On Thursday, the Senate voted to temporarily extend the U.S. debt limit until December, a measure to avoid a national default. The vote passed 50-48 in the Senate.

“I thank my Democratic colleagues for showing unity in solving this Republican-manufactured crisis,” Senate Majority Leader Chuck Schumer (D-New York) said. “Despite immense opposition from Leader McConnell and members of his conference, our caucus held together and we have pulled our country back from the cliff’s edge that Republicans tried to push us over.”

Following the vote, Sen. Joe Manchin (D-West Virginia), the centrist Democrat, who has been in the middle of the recent deadlocks, implored Senate Minority Leader Mitch McConnell (R-Kentucky) and Schumer, two partisan leaders in the Senate, to reach an agreement promptly.

“I truly implore both leaders … to engage, start working, work this out,” Manchin said. “We have a responsibility to be the adults … we should not have these artificial crises.”

The outcome comes a day after McConnell stated that Republicans would let Democrats pass a short-term debt ceiling raise and just hours after a discussion with Schumer.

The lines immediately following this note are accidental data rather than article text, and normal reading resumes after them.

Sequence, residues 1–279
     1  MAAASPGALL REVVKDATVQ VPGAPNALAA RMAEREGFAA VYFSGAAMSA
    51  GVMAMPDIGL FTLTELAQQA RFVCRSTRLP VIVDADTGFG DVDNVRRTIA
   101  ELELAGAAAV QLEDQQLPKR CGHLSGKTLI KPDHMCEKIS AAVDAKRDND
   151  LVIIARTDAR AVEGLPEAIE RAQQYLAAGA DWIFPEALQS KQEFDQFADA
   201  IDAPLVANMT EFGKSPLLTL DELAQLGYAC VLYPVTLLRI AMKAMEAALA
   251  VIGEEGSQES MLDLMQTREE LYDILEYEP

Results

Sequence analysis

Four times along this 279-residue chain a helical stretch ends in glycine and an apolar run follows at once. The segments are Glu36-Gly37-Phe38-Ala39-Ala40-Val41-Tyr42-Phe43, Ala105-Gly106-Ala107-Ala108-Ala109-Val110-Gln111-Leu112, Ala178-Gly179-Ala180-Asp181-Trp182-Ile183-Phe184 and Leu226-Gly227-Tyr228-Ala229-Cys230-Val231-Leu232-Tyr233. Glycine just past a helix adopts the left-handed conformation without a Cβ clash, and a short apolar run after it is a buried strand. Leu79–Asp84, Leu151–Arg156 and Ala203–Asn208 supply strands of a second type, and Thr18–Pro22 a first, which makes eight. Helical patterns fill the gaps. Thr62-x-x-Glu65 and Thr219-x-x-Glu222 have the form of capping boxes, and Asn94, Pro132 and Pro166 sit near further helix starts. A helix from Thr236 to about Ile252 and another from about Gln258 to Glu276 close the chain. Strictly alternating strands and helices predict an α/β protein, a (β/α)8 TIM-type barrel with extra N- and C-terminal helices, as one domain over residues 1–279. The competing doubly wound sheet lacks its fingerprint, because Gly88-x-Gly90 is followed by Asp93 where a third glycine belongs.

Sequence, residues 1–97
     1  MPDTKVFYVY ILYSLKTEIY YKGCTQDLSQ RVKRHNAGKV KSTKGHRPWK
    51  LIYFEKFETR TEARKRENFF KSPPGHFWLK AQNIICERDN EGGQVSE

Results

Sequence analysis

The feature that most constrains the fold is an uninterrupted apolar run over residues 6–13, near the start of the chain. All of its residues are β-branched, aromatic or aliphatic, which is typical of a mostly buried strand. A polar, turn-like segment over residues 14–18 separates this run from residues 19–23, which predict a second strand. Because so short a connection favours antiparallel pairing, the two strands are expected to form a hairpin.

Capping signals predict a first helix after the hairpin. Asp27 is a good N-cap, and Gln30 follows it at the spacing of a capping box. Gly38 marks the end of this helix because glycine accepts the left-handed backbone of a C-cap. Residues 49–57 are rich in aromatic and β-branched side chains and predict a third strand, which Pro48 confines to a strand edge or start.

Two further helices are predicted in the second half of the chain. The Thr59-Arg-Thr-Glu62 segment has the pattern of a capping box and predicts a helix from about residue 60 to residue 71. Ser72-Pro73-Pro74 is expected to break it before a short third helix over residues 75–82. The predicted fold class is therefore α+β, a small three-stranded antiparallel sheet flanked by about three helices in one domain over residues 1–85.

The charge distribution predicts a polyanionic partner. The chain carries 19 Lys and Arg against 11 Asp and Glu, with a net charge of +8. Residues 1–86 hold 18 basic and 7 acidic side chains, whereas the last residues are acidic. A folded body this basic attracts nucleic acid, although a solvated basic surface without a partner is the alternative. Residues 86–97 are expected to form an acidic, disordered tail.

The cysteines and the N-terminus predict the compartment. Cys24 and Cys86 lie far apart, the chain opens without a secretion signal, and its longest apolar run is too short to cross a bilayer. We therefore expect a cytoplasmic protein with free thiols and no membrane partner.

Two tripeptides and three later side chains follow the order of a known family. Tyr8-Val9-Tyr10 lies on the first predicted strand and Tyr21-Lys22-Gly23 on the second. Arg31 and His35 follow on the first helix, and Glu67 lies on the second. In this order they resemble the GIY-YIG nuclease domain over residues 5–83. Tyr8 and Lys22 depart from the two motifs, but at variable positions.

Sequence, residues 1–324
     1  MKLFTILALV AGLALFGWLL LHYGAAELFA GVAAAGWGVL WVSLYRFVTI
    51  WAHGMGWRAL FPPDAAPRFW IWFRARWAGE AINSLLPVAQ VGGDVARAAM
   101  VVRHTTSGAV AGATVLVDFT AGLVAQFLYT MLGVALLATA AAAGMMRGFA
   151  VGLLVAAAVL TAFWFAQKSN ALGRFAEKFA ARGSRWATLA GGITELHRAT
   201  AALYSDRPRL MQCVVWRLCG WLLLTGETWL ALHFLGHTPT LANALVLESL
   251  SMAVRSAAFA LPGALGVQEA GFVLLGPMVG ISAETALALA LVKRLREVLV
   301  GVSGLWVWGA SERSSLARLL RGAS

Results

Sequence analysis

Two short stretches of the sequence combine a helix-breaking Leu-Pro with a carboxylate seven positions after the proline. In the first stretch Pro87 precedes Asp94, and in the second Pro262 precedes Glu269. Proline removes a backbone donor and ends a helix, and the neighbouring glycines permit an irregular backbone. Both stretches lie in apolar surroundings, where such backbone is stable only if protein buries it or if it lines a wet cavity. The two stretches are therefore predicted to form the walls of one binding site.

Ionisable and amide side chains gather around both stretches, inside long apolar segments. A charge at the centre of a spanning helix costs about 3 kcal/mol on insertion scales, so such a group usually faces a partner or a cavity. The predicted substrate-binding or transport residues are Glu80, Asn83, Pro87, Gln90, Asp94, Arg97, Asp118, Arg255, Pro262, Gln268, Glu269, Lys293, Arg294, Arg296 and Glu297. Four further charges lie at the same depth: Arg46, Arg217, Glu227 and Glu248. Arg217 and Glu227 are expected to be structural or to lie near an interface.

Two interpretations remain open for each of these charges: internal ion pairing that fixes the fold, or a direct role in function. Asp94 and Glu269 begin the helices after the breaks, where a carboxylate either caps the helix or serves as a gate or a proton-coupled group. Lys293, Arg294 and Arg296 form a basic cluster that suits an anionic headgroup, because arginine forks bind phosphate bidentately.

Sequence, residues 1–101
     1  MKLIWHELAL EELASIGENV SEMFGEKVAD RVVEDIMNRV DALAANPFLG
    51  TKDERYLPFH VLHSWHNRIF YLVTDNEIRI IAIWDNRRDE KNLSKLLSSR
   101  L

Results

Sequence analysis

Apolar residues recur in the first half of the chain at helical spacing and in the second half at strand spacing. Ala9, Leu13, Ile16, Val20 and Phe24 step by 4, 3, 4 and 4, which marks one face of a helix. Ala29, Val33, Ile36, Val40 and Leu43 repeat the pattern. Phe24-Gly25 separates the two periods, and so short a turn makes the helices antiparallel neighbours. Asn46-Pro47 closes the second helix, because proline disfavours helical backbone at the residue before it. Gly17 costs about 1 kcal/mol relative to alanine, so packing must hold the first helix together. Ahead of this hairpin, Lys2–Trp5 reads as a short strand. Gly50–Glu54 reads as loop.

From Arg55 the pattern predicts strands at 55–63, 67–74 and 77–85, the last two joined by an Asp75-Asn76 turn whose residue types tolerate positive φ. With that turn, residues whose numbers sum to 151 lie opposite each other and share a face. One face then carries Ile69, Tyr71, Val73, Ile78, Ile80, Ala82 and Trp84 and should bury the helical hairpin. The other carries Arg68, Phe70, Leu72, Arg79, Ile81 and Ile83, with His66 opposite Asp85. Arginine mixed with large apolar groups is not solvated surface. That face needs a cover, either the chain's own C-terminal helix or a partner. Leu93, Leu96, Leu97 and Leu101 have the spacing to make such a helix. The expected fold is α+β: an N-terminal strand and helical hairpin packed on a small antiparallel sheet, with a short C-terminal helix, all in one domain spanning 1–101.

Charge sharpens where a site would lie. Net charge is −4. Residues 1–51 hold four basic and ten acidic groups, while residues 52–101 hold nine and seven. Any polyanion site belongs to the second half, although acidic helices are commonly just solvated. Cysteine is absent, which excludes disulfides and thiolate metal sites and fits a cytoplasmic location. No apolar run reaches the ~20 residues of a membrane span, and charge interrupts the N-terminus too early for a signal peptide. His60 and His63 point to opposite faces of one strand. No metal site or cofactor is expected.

Some Republicans showed resentment towards their leader, claiming that McConnell lost in the game of chicken.

“As two trucks drove towards each other on a country road, one or the other was going to turn or you were going to have a lot of dead chickens. I wish Republicans hadn’t blinked,” Sen. Ted Cruz (R-Texas) said following the vote.

The Senate-passed bill will be tossed to the lower chamber. When approved in the House, the bill will then go to President Joe Biden for final signature.

“President Biden looks forward to signing this bill as soon as it passes the House and reaches his desk,” White House press secretary Jen Psaki said in a statement.

“As we approach the coming months, we hope that even more Republicans will join Democrats in responsibly addressing the debt limit instead of choosing default or obstruction.”

Earlier this week, Biden hinted he could use his power to use the so-called “nuclear option,” a proposal from Democrats to carve out filibuster exception, amid the looming fear of default due to the deadlock in the Congress.

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